Mini Art Bakery 370.
(photo credit: Gloria Deutsch)
Adelightful exhibition of all manner of small works of art under the generic title “Mini Art” – which can be enjoyed equally by children and adults – is on display at the Jaffa Museum of Antiquities.
From conventional small-scale reproductions of real-life scenes to nano-art generated by the fusion of art, science and technology, the gallery is showcasing the works of 180 local and international artists in a variety of genres.
The highlight of the exhibition is the work of extraordinary British artist Willard Wigan, who attended its opening last week. His work has been described as the eighth wonder of the world and is, simply put, unbelievable. He creates sculptures so tiny they cannot be seen by the naked eye, and are only visible under a microscope.
Yet when you do see them – one set in the eye of a needle, another on the head of a pin – they are perfect in every detail. He has created minute houses, animals, the Statue of Liberty and even a sculpture of Homer and Bart Simpson.
Wigan’s story is amazing and inspiring and a video shown next to his works tells it all. From illiterate school drop-out to a millionaire and with the title of MBE (Member of the British Empire) from the queen, it’s an object lesson in what can be achieved with determination and talent.
I was drawn to the wonderful miniatures of Goldie Hollander, since she is both my teacher and friend. Considered the country’s primary miniaturist, Belgian-born Hollander recently held a one-woman exhibition of her incredible dioramas in Ra’anana, and the thousands of visitors marveled at how she can create small-scale reproductions of familiar scenes, whether fairy-tales brought to life, or more prosaic kitchens and gardens filled with her whimsical creations.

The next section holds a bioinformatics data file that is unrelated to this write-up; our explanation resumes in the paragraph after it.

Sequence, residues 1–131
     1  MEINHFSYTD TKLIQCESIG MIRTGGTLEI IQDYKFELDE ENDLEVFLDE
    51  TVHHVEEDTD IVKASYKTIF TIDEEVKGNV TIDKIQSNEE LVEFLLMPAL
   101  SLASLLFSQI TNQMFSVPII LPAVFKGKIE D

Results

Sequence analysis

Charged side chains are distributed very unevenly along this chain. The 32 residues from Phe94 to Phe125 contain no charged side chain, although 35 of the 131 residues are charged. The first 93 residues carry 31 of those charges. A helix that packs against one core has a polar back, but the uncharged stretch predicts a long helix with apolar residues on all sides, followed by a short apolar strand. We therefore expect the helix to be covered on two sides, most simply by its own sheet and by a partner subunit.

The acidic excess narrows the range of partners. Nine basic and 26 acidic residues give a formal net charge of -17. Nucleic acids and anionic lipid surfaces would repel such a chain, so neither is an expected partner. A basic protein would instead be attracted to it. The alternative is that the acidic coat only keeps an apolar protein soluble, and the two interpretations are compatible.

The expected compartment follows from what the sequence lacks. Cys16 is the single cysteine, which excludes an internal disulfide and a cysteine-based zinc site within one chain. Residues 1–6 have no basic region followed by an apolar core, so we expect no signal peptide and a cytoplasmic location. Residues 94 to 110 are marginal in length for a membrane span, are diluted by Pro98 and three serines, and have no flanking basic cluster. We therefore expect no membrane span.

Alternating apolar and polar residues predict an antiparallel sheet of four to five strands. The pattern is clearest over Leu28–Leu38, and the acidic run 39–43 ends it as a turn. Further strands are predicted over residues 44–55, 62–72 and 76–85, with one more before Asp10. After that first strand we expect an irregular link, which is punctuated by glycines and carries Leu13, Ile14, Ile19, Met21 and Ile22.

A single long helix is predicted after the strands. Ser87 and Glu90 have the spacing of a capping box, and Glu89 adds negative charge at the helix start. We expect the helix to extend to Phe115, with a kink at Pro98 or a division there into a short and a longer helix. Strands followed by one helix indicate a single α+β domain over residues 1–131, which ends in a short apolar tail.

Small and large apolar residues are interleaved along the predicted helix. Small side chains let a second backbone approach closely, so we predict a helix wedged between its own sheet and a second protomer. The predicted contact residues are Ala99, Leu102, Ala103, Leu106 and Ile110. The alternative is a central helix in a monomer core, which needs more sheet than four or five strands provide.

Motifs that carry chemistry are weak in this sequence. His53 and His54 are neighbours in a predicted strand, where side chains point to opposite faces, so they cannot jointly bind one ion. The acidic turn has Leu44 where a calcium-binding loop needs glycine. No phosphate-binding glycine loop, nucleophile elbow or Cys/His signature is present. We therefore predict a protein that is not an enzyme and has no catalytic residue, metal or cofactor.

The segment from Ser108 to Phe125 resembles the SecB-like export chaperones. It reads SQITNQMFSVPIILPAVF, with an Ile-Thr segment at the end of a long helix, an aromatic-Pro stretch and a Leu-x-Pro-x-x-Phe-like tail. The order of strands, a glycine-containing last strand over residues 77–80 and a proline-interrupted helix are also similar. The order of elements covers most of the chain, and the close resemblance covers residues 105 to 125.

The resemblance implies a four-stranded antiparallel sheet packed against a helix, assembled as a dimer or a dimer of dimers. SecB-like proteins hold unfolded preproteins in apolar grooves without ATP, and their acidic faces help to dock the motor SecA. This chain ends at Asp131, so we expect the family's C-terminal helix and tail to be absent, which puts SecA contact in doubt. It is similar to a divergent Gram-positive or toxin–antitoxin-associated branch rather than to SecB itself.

Other talented miniaturists include mother and daughter Sarit Eshed and Limor Moyal, who also honed their craft with Hollander.
Several of their collections are displayed, including a shelf of miniature chairs from all countries and periods and a delightful collection of miniature shoes.
There is also a model railway chugging its way through dense mini-forests with every possible railway accoutrement in miniature, a joy to behold.
For the less literal minded, some of the nano-art on display is also fascinating, with stunning high-resolution photographs of natural phenomena as seen by electron microscope. Regular miniature photography is also represented, notably in the works of American artist Audrey Heller.
The exhibition is curated by Limor Lahav Margulis and supported by the Israeli Friends of Rabin Medical Center who will benefit from any sales, although much of the work is not for sale.The exhibition runs until June 30 at the Old Jaffa Museum of Antiquities, 10 Mifratz Shlomo St., Old Jaffa and is open for groups midweek and on Fridays from 10 a.m. to 4 p.m. and Shabbat 10 a.m. to 7 p.m. For more information call (03) 603-7700